Legal trouble for Mohegan, Foxwoods; The gospel according to Slammy

It looks as though the constitutionality of a no-bid, off-reservation casino for Mohegan Sun and Foxwoods Resort Casino may be an issue after all. Connecticut Attorney General George Jepsen issued an opinion that the legal risks with the unusual deal “are not insubstantial and cannot be mitigated with confidence.” Let’s face it, Connecticut lawmakers were so panicked by MGM Springfield — and by losing the 25% of slot revenue they get from Mohegan Sun and Foxwoods — that they juiced the tribes into an arrangement of dubious constitutionality. Protecting the slot-revenue arrangement was of a higher priority than conducting an open process. The attorney general’s cautionary letter comes as the allied tribes had finally settled on a site, after much indecision, a defunct cineplex in East Windsor.

Now that the constitutional underpinnings of the deal are being knocked away (it was Gov. Dannel Malloy [D] who requested the opinion), legislators could leave Foxwoods and Mohegan Sun high and dry, since the enabling legislation is still pending. This is at least a preliminary victory for MGM Resorts International, which developed a sudden interest in the Bridgeport market when it looked like Connecticut was going to authorize a satellite casino to cut off revenue that was headed in Springfield‘s direction. (MGM’s covenant with Springfield keeps most of the state off-limits to the casino giant.)

* Elsewhere in New England, the status of fair-haired boy among Penn National Gaming‘s children no longer belongs to Plainridge Park. The racino was down 5% last month, in part due to less coin-in. The headline, though, is that Plainridge Park — while it grosses far above the industry average at $345/slot/pay — has fallen behind Hollywood Austintown, which wins $352/slot/day, making the latter the small-but-mighty star of Penn’s empire.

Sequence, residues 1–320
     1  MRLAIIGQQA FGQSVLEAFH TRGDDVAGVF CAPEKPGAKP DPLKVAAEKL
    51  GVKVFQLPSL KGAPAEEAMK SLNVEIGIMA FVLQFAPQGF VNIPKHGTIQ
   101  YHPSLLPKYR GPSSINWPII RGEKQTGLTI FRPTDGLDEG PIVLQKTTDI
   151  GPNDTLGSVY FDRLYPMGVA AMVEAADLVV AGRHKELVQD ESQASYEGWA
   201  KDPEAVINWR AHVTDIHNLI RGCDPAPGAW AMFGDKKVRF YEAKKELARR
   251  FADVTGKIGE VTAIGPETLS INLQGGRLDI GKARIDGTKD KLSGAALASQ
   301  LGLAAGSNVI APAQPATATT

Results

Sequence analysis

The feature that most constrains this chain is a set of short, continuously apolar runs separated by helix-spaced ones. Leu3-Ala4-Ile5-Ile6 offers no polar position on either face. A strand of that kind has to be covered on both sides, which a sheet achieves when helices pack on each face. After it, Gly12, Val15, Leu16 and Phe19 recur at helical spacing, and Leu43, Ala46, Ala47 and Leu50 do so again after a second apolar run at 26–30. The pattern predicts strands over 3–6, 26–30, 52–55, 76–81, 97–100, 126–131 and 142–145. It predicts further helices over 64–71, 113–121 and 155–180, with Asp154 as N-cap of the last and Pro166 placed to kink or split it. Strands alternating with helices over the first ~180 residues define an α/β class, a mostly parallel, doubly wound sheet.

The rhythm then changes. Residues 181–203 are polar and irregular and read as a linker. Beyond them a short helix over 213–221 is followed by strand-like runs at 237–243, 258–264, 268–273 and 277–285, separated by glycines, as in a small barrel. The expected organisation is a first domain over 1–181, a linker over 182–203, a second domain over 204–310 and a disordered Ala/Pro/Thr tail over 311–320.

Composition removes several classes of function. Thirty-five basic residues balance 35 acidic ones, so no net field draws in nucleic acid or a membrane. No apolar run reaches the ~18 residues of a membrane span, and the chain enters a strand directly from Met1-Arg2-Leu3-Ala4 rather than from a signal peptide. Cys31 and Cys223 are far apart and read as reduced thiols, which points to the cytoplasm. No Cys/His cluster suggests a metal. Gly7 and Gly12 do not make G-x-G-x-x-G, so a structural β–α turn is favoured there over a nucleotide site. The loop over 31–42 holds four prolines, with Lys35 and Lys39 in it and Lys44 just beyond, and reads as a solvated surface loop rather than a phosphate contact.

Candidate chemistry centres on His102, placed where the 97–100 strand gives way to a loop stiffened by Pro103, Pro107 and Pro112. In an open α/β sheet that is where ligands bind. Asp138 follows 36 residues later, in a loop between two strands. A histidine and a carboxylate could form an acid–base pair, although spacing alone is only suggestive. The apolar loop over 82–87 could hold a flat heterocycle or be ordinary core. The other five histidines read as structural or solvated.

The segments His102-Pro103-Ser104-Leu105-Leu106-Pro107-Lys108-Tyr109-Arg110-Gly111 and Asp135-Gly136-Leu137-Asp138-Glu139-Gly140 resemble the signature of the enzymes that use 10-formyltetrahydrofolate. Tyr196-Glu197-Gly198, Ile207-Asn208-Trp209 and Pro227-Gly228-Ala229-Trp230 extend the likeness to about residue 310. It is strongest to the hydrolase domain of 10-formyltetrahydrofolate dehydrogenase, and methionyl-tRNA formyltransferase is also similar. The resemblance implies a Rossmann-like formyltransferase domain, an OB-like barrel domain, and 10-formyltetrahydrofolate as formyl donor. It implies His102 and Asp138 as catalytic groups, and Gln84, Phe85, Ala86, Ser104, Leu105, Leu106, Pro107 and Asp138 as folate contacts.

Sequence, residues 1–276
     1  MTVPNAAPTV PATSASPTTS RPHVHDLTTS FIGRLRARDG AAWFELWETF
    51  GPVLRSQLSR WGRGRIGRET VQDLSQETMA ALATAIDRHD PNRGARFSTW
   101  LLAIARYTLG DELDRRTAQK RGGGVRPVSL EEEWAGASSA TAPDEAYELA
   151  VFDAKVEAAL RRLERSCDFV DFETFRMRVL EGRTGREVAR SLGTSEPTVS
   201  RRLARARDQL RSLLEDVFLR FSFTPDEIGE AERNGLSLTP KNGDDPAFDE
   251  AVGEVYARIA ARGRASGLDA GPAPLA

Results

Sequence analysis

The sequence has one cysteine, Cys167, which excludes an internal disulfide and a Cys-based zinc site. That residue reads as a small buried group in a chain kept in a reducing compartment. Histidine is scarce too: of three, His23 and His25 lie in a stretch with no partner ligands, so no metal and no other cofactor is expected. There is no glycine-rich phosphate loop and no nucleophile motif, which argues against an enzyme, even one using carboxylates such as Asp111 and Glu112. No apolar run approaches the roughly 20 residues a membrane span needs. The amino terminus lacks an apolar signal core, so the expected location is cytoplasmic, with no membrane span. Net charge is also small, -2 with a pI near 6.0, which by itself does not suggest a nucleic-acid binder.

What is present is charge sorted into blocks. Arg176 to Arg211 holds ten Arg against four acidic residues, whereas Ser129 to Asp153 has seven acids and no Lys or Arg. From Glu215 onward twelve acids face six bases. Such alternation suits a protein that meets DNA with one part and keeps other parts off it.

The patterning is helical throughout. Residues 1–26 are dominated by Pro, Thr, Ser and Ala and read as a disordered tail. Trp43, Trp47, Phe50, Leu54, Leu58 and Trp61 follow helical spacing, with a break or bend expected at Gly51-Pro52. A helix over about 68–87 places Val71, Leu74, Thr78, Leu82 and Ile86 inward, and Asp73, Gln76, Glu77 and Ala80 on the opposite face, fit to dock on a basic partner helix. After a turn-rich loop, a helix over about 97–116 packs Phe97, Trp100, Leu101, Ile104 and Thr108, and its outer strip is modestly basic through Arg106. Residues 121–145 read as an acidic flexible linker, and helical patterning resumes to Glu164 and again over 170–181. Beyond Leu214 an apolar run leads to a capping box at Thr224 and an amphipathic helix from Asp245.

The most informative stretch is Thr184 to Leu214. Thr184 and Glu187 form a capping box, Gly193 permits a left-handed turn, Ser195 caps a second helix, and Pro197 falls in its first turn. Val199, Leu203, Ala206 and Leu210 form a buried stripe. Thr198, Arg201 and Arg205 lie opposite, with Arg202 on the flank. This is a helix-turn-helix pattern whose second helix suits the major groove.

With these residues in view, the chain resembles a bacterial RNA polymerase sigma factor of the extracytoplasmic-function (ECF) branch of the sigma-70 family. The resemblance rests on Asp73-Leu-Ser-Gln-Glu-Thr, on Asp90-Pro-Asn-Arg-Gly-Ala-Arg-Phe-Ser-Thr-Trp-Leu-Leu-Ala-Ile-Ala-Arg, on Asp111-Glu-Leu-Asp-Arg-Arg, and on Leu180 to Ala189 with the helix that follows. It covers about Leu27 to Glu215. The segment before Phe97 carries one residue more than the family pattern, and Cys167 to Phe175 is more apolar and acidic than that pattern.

* Oscar Goodman‘s vision for Symphony Park in downtown Las Vegas, still largely fallow, either suffered a small death or was reborn today, depending on your perspective. “In a move that will allow the city of Las Vegas greater flexibility to work with additional developers interested in residential development at Symphony Park,” the city has agreed to the termination of its development agreement with Newland Communities. For a dollar, Newland gets to keep one, 3.3-acre parcel in return for releasing its rights to four others. Citing increased demand for downtown housing, Mayor Carolyn Goodman put the best possible spin on the change of direction. “Today, we are especially appreciative of Newland’s willingness to release residential development exclusivity and its claim to four parcels to allow us to work with other developers who have expressed interest in this premium site,” she said.

* While the odds look better for Las Vegas to land the [your city here] Raiders, it may be a case of the dog who caught the car he was chasing. What then? More specifically, how do you fill all those seats? The league has deemed the market “viable,” despite its small media footprint and other seeming handicaps (like a business plan that is contingent on putting tourists in one out of every three seats for Raider games). That’s 15,000 Buffalo Bills fans, say, you’d have to get on a transcontinental jet flight for the thrill of seeing their team — now with 100% less Rex Ryan — in action. “It’s truly amazing that anyone would buy that. It’s just silly,” Stanford University economics professor Roger Noll of the prospectus, which is tourist-focused, not predicated on forging local loyalty, as that of the NHL‘s Golden Knights is. The Knights have surpassed their season-ticket goals, having already put 13,000 local butts in T-Mobile Arena. Well, once the next hockey season starts, that is.

Smith College economics professor Andrew Zimbalist adds that, now that the Chargers have bolted to Los Angeles to join the Los Angeles Rams, the potential draw from SoCal is lessened. The most authoritative view the Wall Street Journal could find in favor of the deal was über-fan Jack “Slammy” Brown, who said, “When the Raiders are winning, people will go to Antarctica to be at the game. They would to see the Alaska Raiders if they were kicking butt in the AFC West.”

That’s easy for Slammy to say, since he doesn’t bear the financial risk of the NFL-quality stadium that must be built — Sandoval’s Folly if it doesn’t attract an anchor tenant. Then again, the commissioner of Major League Soccer has just come out in favor of legalizing sports betting on a broad scale. Maybe you should give him a call, governor.

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